Read mapping and transcript abundance analyses

We used RNA-seq by Expectation Maximization (RSEM) [42] to estimate the transcript expression levels. The analyses were performed using combined data from the samples and the data from each genotype separately based on the number of fragments that were mapped to the Trinity assembly contigs. The transcript FPKM values (fragments per kilobase of transcript per million mapped reads) were estimated using RSEM with Bowtie read mapping [30]. We used the RSEM analysis as the main criteria to differentiate the unigene distribution along the two sequenced genotypes, and only transcripts with FPKM values larger than 0.5 were considered to identify unique and shared transcripts. A Venn diagram was obtained using Venny 2.0.2 [43].

Putative molecular markers

The MISA (MIcroSAtellite) script [44] was used to identify SSRs. Microsatellite regions were defined as containing at least six motif repetitions for dinucleotides and four motif repetitions for each tri/tetra/penta/hexa-nucleotide motif. A SSR motif was defined as a compound when two or more SSR motifs were interrupted by up to 50 bp.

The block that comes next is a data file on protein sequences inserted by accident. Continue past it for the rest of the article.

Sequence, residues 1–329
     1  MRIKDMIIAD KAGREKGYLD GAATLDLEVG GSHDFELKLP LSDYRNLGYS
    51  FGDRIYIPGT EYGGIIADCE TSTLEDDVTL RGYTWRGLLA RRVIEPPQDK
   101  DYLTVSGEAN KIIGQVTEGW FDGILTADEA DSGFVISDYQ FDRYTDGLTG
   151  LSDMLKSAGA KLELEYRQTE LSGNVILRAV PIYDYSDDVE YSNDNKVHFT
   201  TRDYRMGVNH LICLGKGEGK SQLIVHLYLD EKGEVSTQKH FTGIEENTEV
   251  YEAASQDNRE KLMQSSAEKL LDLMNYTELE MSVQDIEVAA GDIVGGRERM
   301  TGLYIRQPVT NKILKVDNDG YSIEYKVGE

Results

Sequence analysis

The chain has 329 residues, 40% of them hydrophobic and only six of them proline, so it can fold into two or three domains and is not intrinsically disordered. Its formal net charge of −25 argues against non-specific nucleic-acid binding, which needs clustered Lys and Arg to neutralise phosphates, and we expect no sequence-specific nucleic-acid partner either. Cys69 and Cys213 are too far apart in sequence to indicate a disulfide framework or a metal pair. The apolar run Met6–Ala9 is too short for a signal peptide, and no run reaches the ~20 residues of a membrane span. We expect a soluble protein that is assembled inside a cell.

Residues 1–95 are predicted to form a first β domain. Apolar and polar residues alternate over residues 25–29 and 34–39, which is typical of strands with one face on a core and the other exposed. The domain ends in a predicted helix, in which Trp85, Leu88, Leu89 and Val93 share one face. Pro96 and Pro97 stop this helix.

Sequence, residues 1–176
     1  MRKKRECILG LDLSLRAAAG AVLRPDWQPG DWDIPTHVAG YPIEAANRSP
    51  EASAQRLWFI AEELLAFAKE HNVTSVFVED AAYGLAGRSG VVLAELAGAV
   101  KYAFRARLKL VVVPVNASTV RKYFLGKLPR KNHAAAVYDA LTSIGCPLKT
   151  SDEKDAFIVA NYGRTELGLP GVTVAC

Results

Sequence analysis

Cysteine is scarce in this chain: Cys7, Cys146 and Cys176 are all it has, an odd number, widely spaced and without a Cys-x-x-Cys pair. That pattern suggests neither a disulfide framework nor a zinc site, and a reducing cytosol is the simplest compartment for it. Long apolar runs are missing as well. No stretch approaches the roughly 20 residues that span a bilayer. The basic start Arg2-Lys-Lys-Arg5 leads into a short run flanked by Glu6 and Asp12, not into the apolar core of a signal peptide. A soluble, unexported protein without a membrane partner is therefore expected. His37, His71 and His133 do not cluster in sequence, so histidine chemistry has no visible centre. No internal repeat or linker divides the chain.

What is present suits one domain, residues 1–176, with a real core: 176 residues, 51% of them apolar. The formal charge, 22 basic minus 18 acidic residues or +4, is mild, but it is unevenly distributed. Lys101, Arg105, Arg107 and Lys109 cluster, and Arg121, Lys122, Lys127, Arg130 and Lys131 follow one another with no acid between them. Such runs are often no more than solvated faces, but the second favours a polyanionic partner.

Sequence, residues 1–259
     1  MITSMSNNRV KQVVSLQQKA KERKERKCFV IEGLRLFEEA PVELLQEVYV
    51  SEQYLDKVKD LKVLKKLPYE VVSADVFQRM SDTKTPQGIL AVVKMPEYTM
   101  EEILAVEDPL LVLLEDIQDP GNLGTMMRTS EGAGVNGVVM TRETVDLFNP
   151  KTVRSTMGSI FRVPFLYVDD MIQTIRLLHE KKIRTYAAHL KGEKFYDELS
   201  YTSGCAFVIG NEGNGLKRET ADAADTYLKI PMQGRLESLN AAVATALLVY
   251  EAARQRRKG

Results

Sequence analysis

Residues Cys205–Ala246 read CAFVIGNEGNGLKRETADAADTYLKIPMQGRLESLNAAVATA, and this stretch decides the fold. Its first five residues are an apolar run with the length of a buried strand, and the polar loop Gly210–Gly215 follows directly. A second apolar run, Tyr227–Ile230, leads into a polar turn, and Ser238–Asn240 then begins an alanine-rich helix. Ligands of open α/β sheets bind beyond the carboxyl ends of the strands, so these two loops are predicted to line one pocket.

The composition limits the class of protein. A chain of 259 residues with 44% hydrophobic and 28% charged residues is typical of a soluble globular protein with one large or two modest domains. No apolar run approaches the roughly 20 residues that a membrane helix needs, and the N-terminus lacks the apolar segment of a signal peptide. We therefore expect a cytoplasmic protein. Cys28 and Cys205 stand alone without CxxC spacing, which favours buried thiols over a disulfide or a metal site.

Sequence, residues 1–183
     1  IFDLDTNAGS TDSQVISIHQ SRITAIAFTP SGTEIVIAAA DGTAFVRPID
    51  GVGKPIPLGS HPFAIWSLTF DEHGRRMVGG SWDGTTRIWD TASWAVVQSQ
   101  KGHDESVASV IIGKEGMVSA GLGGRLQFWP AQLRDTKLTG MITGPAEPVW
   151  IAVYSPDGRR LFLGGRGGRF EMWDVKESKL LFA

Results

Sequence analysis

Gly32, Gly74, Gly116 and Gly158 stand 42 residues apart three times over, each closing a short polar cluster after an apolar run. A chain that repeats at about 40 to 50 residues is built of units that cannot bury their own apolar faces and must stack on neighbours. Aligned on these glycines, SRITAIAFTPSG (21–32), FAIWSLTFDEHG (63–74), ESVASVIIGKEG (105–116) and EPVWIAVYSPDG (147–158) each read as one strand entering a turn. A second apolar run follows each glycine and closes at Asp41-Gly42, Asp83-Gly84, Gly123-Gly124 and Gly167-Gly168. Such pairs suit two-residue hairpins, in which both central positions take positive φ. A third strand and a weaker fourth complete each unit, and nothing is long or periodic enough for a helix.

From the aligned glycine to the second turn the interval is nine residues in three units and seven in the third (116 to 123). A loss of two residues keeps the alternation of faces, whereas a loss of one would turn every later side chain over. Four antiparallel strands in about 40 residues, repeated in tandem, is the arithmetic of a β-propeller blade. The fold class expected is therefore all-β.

To identify putative SNP positions, the CLC Genomics Workbench was used to map reads to the de novo assembled leaf transcriptome. The parameters were as follows: length fraction = 0.9, similarity = 0.9, mismatch cost = 2, insertion cost = 3, and deletion cost = 3. Subsequently, the putative SNPs were detected using the following criteria: window length = 11, minimum coverage = 20, minimum central base quality score = 30, minimum average quality score = 20, minimum coverage at SNP site = 20, minimum frequency = 10 %, and ploidy = 6. Default settings were used for the remaining parameters.

Quantitative RT-PCR analysis

To validate the RNA-seq expression analysis, transcripts that displayed different expression patterns in silico were selected for quantitative RT-PCR analysis based on the RSEM quantification. Primer3Plus software [45] was used to design primer pairs for the sequences. The target amplicon size was set at 70–150 bp, and the optimal annealing temperature was 60 °C and optimal primer length was 20 bp. Reference genes were selected according to previous studies in grasses [4649], searched in the U. humidicola transcriptome, and used to design the primers as described above. All of the primer pairs were initially evaluated by PCR using genomic DNA as a template. The primer pairs that successfully amplified the DNA of both genotypes with an amplification efficiency of 90-110 % by qPCR were used for the expression analysis.